Fancy a trip out to deepest Oceania? Close to New Zealand, the cluster of Solomon Islands remain some of the most vibrant natural landscapes in the Southern Hemisphere. While many people travel to Oceania to visit Australia and the like, there are plenty of great reasons why the Solomons should become a bustling tourist resort.
You may have heard of the name, but how much do you actually know about these Islands? Here’s 16 interesting facts about The Solomon Islands to help clue you in on everything you need to know.
The Solomon Islands is a vast cluster of almost 1,000 different islands, stretching across almost 250,000 miles to the south-east of Oceania.
However, the archipelago on the whole is home to just 652,858 people (2018), with much of the landscape dedicated to mountains and corals. Can you explore all 992 islands? It might not be possible, but trying to explore as many as you can will make for a fantastic bucket list idea.
The vast majority of people living in the Solomon Islands are Melanesian, with a small percentage of citizens hailing from Polynesia and Micronesia.
The Solomon Islands Flag
The Solomon Islands are predominantly Christian, with around 95% of people here practicing the religion. This splits even further down into Seventh Day Adventism, Roman Catholicism and Anglican. You’ll even find people worshipping the Assembly of God and Baha’i Faith.
The official language of the Solomon Islands is English; however, it is thought that only 2% of the country is actually able to speak it. That’s because there are more than 70 different local languages spread out across the Islands, making it one of the more curious language distributions on the planet
There’s an island in the Solomon cluster which is named after John F Kennedy. Funnily enough, the US President lends his name to Kennedy Island as a result of the future statesman having crashed here during the Second World War.
Divers and deep sea explorers adore the Solomon Islands. It is here where they will find the biggest saltwater lagoon on the planet. It’s called the Marovo lagoon, and it is thought to measure up to 700 square km.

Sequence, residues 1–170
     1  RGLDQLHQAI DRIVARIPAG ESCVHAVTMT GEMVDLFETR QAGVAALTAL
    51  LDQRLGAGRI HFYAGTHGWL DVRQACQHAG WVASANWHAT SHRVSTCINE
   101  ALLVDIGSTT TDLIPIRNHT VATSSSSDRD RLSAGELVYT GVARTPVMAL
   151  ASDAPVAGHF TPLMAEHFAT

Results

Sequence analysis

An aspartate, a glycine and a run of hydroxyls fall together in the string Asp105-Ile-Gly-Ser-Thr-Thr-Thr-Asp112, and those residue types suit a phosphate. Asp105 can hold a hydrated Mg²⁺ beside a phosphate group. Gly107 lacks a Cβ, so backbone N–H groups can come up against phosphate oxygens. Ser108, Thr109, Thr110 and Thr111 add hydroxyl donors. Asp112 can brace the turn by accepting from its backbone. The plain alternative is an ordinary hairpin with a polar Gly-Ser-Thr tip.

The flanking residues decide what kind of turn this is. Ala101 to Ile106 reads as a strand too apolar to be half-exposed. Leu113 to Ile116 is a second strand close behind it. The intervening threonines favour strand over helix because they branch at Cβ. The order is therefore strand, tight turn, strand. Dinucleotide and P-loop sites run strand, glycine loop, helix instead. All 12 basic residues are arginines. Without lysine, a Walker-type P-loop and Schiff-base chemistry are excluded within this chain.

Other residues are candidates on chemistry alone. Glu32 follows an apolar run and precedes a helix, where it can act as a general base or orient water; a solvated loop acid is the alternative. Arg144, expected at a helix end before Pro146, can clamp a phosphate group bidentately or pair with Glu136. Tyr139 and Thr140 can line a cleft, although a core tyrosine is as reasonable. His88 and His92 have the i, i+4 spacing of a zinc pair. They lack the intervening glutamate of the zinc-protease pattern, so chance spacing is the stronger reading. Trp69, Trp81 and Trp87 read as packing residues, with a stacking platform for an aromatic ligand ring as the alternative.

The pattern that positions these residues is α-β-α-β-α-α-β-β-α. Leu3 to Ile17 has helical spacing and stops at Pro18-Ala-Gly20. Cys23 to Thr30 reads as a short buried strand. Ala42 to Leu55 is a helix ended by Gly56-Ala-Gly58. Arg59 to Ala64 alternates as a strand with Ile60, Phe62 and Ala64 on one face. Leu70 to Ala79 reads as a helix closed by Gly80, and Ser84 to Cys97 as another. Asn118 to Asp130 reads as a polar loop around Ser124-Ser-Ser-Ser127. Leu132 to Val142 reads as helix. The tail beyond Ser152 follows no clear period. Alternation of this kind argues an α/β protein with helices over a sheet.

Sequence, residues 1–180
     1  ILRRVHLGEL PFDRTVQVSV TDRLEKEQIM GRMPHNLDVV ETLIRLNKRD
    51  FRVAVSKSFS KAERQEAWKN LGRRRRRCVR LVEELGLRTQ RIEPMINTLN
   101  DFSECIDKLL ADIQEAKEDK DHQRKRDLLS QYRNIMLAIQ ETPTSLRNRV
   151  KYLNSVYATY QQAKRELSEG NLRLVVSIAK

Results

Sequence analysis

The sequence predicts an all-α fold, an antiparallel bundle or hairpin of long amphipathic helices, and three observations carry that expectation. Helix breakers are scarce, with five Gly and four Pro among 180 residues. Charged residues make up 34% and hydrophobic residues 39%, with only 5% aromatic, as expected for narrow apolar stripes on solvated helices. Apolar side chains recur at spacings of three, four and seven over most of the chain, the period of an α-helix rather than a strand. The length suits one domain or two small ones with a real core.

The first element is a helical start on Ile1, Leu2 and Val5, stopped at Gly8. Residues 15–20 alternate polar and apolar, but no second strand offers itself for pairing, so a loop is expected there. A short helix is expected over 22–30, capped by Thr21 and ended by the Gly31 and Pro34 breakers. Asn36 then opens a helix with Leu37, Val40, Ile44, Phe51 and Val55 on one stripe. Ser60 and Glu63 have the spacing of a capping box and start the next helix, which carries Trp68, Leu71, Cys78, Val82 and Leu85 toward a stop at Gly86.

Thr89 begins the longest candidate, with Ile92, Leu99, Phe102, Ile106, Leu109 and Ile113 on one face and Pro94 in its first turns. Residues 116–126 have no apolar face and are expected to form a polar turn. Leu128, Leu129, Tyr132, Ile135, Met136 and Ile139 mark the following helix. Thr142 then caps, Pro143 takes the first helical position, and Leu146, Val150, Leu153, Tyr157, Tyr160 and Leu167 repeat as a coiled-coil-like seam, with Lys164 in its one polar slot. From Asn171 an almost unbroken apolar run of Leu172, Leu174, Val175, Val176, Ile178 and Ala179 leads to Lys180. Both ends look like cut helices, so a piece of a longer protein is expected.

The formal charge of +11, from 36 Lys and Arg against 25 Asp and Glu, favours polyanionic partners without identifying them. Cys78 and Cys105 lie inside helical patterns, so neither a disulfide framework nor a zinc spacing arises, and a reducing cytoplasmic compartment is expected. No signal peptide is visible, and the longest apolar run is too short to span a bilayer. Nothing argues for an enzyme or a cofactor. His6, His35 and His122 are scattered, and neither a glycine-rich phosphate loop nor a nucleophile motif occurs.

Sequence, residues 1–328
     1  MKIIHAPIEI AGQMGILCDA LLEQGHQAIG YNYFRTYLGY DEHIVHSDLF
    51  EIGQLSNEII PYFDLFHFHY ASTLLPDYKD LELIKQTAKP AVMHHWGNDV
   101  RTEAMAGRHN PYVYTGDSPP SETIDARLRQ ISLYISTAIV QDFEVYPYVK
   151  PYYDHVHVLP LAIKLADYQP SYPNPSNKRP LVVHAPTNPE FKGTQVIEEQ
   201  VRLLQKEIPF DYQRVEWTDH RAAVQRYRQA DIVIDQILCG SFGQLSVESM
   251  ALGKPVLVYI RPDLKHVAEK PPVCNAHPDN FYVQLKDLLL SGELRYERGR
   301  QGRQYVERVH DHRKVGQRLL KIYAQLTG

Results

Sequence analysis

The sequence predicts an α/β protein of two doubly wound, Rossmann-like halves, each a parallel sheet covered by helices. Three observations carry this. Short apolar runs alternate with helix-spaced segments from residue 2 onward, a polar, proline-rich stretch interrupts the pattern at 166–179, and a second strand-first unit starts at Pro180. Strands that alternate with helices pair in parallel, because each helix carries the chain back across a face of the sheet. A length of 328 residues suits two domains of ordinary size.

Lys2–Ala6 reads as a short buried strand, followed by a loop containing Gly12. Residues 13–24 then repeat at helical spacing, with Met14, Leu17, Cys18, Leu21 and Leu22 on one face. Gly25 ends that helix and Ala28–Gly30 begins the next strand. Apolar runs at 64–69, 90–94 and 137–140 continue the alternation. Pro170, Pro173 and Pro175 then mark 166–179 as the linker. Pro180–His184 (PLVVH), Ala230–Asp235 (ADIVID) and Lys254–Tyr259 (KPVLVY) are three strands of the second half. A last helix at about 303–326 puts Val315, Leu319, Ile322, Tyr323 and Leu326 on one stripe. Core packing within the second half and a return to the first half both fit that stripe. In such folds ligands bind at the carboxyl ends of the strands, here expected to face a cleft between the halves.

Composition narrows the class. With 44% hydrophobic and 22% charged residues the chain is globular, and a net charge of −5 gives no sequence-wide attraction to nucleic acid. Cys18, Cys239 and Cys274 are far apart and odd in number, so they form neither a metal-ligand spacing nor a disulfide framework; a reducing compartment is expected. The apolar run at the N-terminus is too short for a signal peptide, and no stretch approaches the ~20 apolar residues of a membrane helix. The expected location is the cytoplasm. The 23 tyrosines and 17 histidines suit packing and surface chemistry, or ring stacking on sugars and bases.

The Solomon Islands, due to their incredible clustered nature, boast stunning coastlines which stretch up to a total of more than 5,300km in absolute length.
The Solomon Islands are officially part of a designated ‘sovereign democratic state’, according to their embassy website. This also states that their head of state is Queen Elizabeth II, though there is a Governor-General in the country who acts on her behalf.
The country’s islands, of course, make most of their money from the fishing trade. However, they also make money from timber felling and mining, and export palm oil, as well as harvest coconuts and palm kernels.
The Solomon Islands culture is extremely diverse and is influenced and affected by a huge variety of Oceanian societies and tribal customs. It is not unheard of for you to spot traditional tribes from village to village. The country is proud to continue offering customs and traditions which have weathered the decades and centuries past.
The Solomon Islands revolve around a community concept they refer to as Wantok. Wantok is a cultural aspect which enables people of similar ancestry and language to come together – the embassy refers to it as a support network of sorts.
The exact history of the Solomon Islands, stretching back to ancient times, is fairly unknown. However, experts believe that people first started settling in the region around 6,000 years ago.
It was only in 1893 that the Island fell under the British Protectorate, meaning that it took on British values and laws, preventing slavery import and export across Oceania.
The Solomon Islands, as you may expect, traditionally trade imports and exports with Australia, however, they also have strong trading links across Asia, with the likes of Taiwan, Japan, Malaysia, and South Korea being regular partners.
There is a colossal active volcano which can be found beneath the Solomon Islands’ stunning watery surroundings – it’s called Karachi, and it first erupted back in the late 1930s.
Do you have any interesting facts about The Solomon Islands that we’ve not mentioned? Share them here in the comments section below!